Henbit: Edible, Medicinal and Loved By Bees and Many Other Animals.
The common name, Henbit, comes from the observation that chickens like it. Hummingbirds also enjoy this wild edible for the nectar. Henbit provides valuable erosion control in many cropland fields in the southern U.S. Unlike many of its relatives in the mint family, henbit does not have a strong or distinctive mint scent. Henbit is easily confused with Purple Deadnettle (L. purpureum), which has petioled leaves all the way to the top leaves. The middle and upper leaves of L. amplexicaule (Henbit) do not have petioles. Henbit leaves are also typically smaller than those of Purple Deadnettle. Henbit is an important early season source of nectar and pollen for honeybees.
Henbit is a winter annual that grows between 10 and 30 centimeters tall. The plant is sparsely covered with fine hairs that point downward. This plant grows from a shallow taproot that becomes finely branched. The low growing, upright to sprawling plants has a number of weak stems arising from the base that may be erect or almost lay on the ground. The stems are square and green but often become purple with age and may root at the lower nodes. This edible weed reproduces solely by seed, and each henbit plant can produce 2,000 or more seeds. Henbit also spreads by producing roots on lower stems that touch the ground.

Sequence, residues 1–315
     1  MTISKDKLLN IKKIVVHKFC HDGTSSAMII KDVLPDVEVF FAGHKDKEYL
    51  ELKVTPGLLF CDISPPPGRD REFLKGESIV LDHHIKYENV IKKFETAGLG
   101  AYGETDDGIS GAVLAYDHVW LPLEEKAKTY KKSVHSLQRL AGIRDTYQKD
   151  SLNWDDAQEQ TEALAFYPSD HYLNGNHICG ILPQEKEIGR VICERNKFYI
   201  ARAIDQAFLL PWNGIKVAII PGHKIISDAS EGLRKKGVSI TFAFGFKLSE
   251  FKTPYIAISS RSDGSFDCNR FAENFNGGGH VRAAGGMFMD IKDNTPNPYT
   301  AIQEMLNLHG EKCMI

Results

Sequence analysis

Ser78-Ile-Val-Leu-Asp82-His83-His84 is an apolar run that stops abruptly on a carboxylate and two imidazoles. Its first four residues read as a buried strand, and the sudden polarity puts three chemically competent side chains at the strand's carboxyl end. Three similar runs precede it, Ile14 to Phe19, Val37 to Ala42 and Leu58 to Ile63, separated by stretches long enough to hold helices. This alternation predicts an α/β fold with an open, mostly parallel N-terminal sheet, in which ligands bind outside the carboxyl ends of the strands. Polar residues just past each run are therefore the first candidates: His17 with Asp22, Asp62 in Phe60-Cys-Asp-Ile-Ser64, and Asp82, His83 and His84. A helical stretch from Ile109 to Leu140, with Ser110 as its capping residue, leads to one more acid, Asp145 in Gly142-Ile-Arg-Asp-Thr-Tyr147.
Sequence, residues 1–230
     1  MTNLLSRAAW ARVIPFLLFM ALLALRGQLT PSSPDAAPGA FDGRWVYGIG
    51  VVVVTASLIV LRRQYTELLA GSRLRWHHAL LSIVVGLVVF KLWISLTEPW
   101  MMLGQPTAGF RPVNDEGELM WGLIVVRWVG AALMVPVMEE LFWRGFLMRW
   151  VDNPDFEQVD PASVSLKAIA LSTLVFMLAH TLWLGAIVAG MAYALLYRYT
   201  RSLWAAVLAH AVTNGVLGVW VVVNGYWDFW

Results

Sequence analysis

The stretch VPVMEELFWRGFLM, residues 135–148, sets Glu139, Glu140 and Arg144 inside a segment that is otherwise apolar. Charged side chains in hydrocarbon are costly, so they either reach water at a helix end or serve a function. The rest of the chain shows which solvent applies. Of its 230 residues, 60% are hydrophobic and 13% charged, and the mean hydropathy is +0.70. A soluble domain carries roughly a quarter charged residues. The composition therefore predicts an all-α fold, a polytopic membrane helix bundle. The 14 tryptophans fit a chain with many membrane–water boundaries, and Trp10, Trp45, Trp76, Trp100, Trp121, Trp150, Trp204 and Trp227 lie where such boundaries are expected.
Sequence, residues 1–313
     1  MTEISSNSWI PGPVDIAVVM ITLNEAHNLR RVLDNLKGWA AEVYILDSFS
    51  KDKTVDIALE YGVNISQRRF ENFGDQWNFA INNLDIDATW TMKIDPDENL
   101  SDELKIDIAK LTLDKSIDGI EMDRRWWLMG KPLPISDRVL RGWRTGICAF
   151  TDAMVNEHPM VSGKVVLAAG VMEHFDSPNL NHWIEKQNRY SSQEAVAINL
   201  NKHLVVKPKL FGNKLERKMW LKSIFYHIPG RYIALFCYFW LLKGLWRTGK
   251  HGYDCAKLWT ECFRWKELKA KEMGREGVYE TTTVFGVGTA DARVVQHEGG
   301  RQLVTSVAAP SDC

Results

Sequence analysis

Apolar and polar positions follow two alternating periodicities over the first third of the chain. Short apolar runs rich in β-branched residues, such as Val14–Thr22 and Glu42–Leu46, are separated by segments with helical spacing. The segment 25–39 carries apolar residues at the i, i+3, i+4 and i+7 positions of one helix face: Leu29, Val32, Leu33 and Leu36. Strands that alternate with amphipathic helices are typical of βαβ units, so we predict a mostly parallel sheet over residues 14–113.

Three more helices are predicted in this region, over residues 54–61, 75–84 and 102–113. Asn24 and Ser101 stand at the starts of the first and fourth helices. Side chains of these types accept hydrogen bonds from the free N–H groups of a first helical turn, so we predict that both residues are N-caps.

Flowers: Tiny, dark pink flowers occur in rings in the upper leaf axils. Open flowers are somewhat orchid-like, with a white face and dark red spots. Each flower produces a four-seeded fruit.
Leaves: Henbit leaves are arranged in opposite pairs. The lower leaf pairs are farther apart from each other than the upper leaf pairs. Leaves are round or heart-shaped, are .95 – 1.9 centimeters long, and leaf margins have rounded teeth. Veins of the upper leaf surface are recessed, giving it a somewhat wrinkled look. Lower leaves grow on short stalks, and upper leaves clasp the stem.
Henbit grows by roadsides, in cropland, pastures, in waste areas, in gardens, and on lawns. Henbit prefers light, dry soil and cultivated the soil.
Henbit can be consumed fresh or cooked as an edible herb, and it can be used in teas. The stem, flowers, and leaves are edible, and although this is in the mint family, many people say it tastes slightly like raw kale, not like mint. Henbit is very nutritious, high in iron, vitamins, and fiber. You can add raw henbit to salads, soups, wraps, or green smoothies. According to Natural Medicinal Herbs (dot net), this plant is anti-rheumatic, diaphoretic, an excitant, febrifuge, a laxative, and a stimulant.
What does it do for the bees?
Henbit produces both nectar and pollen that the bees will work when nothing else is around. And that’s a valuable point for right now. There’s really not much available for the bees these days, although the maples, dandelions and a few others plants are beginning to show. Henbit gives the bees something to work. Once other things start to come out, the bees will abandon the henbit for something more productive.